Students petition for LGBT resource center

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    If sophomore social work major Shelly Newkirk could speak freely, she would ask you to look her straight in the eye and tell her what ‘educating individuals to think and act as ethical leaders and responsible citizens in the global community’ means to you. Or at least that’s one of the questions she asked in her video.

    Newkirk posted a video on YouTube called “If I Could Speak Freely” about the frustration she feels with the lack of resources and support within the university for the lesbian, gay, bisexual and transgender population.

    Newkirk said she met with Chancellor Victor Boschini on Feb. 20 to discuss the possibility of the university’s support in establishing an LGBT resource center that would offer counseling, a media library and a full-time director.

    Boschini wrote in an e-mail that even though they did not agree on every issue, he appreciated hearing directly from Newkirk.

    “I think we are actually doing much more than other places I have worked in that we are even discussing this issue in the office of the chancellor,” he wrote.

    Boschini wrote that a resource center is already in place for LGBT students in the Office of Inclusiveness & Intercultural Services, and before his meeting with Newkirk he spoke to the director, who confirmed that the office is ready to assist the gay population.

    Darren Turner, director of the Office of Inclusiveness & Intercultural Services, said the office offers the LGBT population what it does to all students, which includes organizations, support and a place to come together.

    He said that the need for a resource center depends on what the needs are to the population and looking at how to accommodate that with IIS or creating a new space.

    Newkirk said she and Su Harz, a junior social work major, developed an initiative, the Iris Reaction, with the ultimate goal of establishing a resource center and a full-time administrative position dedicated to maintaining a welcoming environment for the LGBT community.

    Harz and Newkirk named the initiative for the iris of the eye, which lets light into the eye, and is representative of their efforts to raise awareness, Newkirk said.

    Jeff Ferrell, professor of sociology and informal supporter of the Iris Reaction, said he believes the university shows an unintentional lack of support for the LGBT community, mostly because of the lack of education and understanding on the issue.

    “The LGBT civil rights movement is one of the last battles being fought,” Ferrell said.

    Newkirk said she has experienced some instances of discrimination, one being in a classroom where the topic of homosexuality came up last spring.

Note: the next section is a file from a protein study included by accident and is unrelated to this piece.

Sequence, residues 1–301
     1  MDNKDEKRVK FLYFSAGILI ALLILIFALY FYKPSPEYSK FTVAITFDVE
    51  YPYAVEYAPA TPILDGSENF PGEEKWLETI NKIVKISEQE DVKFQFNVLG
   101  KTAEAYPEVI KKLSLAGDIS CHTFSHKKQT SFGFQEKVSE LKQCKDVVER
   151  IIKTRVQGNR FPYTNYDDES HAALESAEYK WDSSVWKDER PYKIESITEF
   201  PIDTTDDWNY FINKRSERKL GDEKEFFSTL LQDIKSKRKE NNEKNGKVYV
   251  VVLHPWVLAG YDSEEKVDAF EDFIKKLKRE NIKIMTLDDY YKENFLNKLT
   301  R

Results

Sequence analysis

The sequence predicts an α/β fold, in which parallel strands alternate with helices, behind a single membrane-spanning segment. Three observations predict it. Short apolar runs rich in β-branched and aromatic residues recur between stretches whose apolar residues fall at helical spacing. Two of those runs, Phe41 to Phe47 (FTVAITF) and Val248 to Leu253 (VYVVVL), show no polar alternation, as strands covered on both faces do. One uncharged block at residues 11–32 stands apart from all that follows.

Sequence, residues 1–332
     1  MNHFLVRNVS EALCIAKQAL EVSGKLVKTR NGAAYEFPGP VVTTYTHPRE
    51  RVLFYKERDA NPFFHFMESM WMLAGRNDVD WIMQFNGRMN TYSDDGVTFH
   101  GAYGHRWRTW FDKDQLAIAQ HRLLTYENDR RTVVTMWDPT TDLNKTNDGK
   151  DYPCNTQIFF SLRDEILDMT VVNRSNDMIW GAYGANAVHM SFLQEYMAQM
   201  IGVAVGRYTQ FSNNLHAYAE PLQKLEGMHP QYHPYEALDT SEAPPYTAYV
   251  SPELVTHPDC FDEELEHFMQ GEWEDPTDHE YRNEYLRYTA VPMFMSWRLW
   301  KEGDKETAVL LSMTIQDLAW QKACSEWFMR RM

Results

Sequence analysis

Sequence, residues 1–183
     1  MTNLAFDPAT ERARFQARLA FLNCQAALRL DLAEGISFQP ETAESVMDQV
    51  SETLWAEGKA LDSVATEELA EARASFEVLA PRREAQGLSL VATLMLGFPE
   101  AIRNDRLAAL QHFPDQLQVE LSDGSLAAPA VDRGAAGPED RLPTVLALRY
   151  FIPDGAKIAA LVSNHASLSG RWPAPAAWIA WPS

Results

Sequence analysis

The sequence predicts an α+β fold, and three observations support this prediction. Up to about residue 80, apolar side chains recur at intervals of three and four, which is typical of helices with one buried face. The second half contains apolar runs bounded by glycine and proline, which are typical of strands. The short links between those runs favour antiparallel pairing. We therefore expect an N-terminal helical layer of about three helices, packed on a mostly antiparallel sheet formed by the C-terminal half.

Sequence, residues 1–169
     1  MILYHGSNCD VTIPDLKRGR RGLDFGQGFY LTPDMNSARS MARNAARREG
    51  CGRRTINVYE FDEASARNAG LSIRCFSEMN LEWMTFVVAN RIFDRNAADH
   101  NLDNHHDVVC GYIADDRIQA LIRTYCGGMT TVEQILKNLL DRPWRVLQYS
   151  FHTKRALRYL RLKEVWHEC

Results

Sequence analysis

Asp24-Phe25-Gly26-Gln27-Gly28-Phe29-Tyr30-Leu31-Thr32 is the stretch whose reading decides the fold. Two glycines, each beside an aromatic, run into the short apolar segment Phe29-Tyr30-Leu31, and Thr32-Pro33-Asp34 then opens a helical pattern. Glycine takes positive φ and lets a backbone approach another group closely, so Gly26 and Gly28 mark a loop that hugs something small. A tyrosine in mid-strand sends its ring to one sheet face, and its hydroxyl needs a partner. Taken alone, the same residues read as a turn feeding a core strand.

She said about one-third of the class began using homophobic slurs and said gay people were “gross” and that they all have AIDS.

    Newkirk said she and two other gay students were in the class but none of them spoke up.

    Other students in the class attempted to defend LGBT rights and stereotypes, but the students continued their commentary, she said.

    “The homophobic voices were a lot louder than the [students’], but the professor did try to keep it under control,” Newkirk said. “The professor stayed after class to make sure we were OK.”

    Lorna Runge, a sociology professor who calls herself “an on-staff lesbian” and active member of the LGBT rights movement on campus, said when university employees receive orientation on benefits, those looking for domestic partner benefits must stay after the meeting to find out information.

    “There’s this requirement that you have to out yourself as a gay or lesbian person to get information rather than having it available like everyone else,” Runge said.

    Tracy Thompson, human resources benefits manager, said the domestic partner affidavit is mentioned during orientation when benefits are presented to new employees, but in the interest of privacy new employees are given contact information for human resources if they need additional information.

    Runge said that although the university claims to offer benefits for same-sex couples, the benefits are separate from those of heterosexual couples, which further isolates LGBT employees.

    However, Thompson said there are no major differences when handling domestic partner and same-sex couple benefits except when handling taxes. The only real difference is that a domestic partner must sign an affidavit while a married person must show his or her marriage license, she said.

    Jenny Cureton, TCU Leadership Center coordinator and Allies member, said the risk of neglecting LGBT students’ can be that students end up leaving the university, dropping out of college or even taking their own lives.

    Jamal King, a freshman education pre-major and openly gay student, said the addition of a LGBT resource center is necessary because it puts the university in a position to use its power and privilege to help the oppressed, like the Office of Inclusiveness and Intercultural Services is focused on ethnicity, religious and racial issues.

    Newkirk’s three-and-a-half minute video has received more than 600 views since it was uploaded Jan. 27.

    Newkirk and Gay-Straight Alliance officers, an active group for gay and straight students, will have a follow-up meeting with Boschini at the end of the month.